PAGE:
How the War on Poverty Creates Poor People

Why is it that whenever politicians declare war on anything, we usually get more of that thing they declared war on? Ever since the “war on drugs” was declared, we’ve gotten more drug users and drug-related violent crimes. Ever since the “war on cancer” was declared, cancer cases have been rising. The “war on terror” has bred more terrorism. Maybe some politician should declare “war on fiscal responsibility,” and we’d be solvent in 5 years.

In 1964, Lyndon Johnson declared “war on poverty.” He declared it when the poverty rate was already going down. It was at 19%, down from over 22% in 1959. The war on poverty was supposed to eradicate poverty and produce a “Great Society,” a society that John Lennon dreamed about in his “Imagine” song:  no possessions, no nations, no religion. A society dependent on government welfare and social programs and that looked up affectionately to the government as a protective and compassionate “big brother.” A society where everybody was equal. No one would be more successful than another, and there would be no incentive for class envy and greed. Of course, in that kind of society, there would be no incentive to succeed in the first place.

Government programs over the last several decades have only made people poorer and have been incrementally destroying the middle class by overtaxing and overregulating them. All that will be left are 2 classes:  the super rich and the super poor, similar to the lord and the serfs in a manorial society. This is their “great society” because it means they get to “lord” over us.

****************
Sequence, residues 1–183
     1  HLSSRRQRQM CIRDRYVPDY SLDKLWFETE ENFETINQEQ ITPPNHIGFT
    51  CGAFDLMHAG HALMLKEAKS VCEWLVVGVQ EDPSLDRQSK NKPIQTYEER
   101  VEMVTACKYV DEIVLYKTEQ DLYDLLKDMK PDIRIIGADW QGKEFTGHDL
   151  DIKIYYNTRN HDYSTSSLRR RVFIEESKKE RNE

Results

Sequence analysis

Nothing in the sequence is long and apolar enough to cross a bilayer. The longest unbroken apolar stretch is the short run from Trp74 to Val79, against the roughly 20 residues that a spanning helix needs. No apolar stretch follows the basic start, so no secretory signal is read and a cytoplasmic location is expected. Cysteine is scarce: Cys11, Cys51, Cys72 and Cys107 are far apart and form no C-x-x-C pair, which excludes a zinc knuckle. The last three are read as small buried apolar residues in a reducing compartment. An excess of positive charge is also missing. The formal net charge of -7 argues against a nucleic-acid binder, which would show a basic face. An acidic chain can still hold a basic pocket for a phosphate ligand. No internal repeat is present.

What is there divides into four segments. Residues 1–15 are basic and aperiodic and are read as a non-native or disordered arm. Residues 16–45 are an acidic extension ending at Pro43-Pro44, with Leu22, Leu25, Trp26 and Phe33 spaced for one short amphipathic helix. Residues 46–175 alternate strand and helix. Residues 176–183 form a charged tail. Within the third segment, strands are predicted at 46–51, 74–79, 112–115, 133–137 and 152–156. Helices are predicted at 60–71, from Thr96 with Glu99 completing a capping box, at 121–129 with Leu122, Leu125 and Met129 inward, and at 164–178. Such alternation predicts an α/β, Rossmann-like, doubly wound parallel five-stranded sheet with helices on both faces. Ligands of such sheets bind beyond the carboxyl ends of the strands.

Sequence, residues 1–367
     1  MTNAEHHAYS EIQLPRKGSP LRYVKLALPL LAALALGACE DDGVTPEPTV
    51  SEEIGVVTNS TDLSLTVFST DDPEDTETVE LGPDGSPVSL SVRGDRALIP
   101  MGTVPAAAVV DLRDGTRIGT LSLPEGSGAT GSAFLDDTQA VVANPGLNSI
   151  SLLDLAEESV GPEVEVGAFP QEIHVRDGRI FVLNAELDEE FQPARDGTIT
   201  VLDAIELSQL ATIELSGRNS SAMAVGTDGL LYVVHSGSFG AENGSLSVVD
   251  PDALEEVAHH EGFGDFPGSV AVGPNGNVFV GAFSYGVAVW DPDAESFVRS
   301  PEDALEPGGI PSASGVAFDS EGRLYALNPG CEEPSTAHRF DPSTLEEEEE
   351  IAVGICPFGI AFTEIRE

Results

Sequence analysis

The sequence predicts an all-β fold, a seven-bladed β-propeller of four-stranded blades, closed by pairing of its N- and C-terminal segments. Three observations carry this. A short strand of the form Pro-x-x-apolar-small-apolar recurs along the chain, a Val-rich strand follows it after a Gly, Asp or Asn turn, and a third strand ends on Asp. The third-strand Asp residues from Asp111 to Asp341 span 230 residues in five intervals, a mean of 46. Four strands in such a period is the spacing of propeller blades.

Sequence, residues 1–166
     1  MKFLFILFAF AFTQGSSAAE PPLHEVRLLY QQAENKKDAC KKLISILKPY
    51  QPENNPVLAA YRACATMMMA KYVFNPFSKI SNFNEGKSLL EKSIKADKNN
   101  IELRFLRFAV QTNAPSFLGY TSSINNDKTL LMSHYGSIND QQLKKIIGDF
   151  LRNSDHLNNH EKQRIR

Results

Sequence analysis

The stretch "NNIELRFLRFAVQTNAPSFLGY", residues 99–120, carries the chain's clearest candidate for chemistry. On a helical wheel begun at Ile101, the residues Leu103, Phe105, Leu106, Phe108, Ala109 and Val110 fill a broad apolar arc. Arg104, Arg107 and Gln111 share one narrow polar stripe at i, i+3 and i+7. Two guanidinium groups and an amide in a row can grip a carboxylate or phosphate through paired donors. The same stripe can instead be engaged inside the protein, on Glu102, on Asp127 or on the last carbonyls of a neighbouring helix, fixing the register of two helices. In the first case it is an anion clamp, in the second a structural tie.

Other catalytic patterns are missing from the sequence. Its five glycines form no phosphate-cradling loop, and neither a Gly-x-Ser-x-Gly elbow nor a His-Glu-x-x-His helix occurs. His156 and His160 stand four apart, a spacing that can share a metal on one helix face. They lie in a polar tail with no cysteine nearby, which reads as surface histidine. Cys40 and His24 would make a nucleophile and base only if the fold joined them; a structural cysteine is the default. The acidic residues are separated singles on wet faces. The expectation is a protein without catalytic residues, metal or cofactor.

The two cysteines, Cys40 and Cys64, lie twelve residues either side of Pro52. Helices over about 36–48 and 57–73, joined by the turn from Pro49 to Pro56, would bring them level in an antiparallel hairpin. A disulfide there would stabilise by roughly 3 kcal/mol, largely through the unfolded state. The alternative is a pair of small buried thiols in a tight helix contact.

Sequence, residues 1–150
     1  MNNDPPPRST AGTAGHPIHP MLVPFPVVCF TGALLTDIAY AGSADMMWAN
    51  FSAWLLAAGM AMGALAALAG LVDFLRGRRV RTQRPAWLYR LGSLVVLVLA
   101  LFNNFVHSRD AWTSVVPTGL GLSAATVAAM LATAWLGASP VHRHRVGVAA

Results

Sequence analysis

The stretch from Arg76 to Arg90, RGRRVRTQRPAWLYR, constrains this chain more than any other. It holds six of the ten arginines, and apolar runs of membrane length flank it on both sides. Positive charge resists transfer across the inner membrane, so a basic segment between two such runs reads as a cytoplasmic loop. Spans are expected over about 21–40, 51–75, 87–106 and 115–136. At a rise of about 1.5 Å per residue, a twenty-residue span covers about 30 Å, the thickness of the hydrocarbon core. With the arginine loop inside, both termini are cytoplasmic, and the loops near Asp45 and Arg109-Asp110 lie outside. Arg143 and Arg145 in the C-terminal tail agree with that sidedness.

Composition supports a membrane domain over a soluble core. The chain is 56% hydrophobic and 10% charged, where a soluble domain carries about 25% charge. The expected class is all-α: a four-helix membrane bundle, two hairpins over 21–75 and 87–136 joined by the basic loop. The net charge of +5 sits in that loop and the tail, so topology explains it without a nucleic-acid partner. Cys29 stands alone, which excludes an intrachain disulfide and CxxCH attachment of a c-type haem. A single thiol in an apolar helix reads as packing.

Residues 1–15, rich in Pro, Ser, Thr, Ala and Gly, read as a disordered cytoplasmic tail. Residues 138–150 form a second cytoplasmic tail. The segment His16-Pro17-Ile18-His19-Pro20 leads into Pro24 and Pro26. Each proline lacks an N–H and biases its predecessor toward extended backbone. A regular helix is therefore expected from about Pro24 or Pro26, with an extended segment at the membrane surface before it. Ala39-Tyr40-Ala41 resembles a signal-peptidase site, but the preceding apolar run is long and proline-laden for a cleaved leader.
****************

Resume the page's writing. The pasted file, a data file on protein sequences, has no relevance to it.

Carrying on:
More and more Americans are falling out of the middle class and below the poverty line. Guardian had a piece about those in Colorado who had previously held profitable jobs, had big houses and led comfortable lives. Now, they find themselves out of work, subjected to home foreclosures and standing in line at the food bank:

Four years earlier, [Michelle had] been a homeowner in a $75,000 a year job. She’d donated to the food bank’s fundraising drives. Now she was there to pick up food she couldn’t afford to buy… Mark Weaver, 54, the former chairman of nearby Loveland chamber of commerce, tried to avoid the gaze of acquaintances he’d met when he attended the food bank’s galas. “It was very humiliating,” he says. “I used to take clients to their events, and all of a sudden I’m living below the poverty line.” He used to earn a six-figure salary plus commission plus benefits, and also chaired the Northern Colorado Legislative Alliance, which lobbied local politicians on behalf of the business community.

About the time Obama took office, a group of people in similar circumstances to those in Colorado above decided to make a homeless resort in Lakeland, New Jersey called Tent City. About 70 people live there and live in makeshift tents in the woods with no electricity. They live off local donations from churches and charities that bring the homeless community about $1,000 a month.

The war on poverty is creating “tent cities” and longer lines at food banks and soup kitchens. A record 46.2 million people (about 16%) are now below the poverty line, and many used to be successful employees or business owners. The Great Society that LBJ dreamed of is turning out to be a nightmare come true.